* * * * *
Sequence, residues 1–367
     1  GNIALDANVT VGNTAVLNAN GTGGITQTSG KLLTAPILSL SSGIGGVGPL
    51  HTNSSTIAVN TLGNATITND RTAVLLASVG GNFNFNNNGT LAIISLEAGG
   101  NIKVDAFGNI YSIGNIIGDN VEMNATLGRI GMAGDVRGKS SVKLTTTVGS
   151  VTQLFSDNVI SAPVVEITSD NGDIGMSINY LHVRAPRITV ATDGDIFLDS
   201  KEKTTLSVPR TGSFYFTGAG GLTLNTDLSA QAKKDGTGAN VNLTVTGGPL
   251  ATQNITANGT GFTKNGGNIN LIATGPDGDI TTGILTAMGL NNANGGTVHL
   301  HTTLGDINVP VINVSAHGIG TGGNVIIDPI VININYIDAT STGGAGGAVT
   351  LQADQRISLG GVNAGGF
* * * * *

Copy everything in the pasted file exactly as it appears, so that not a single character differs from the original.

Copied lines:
Sequence, residues 1–367
     1  GNIALDANVT VGNTAVLNAN GTGGITQTSG KLLTAPILSL SSGIGGVGPL
    51  HTNSSTIAVN TLGNATITND RTAVLLASVG GNFNFNNNGT LAIISLEAGG
   101  NIKVDAFGNI YSIGNIIGDN VEMNATLGRI GMAGDVRGKS SVKLTTTVGS
   151  VTQLFSDNVI SAPVVEITSD NGDIGMSINY LHVRAPRITV ATDGDIFLDS
   201  KEKTTLSVPR TGSFYFTGAG GLTLNTDLSA QAKKDGTGAN VNLTVTGGPL
   251  ATQNITANGT GFTKNGGNIN LIATGPDGDI TTGILTAMGL NNANGGTVHL
   301  HTTLGDINVP VINVSAHGIG TGGNVIIDPI VININYIDAT STGGAGGAVT
   351  LQADQRISLG GVNAGGF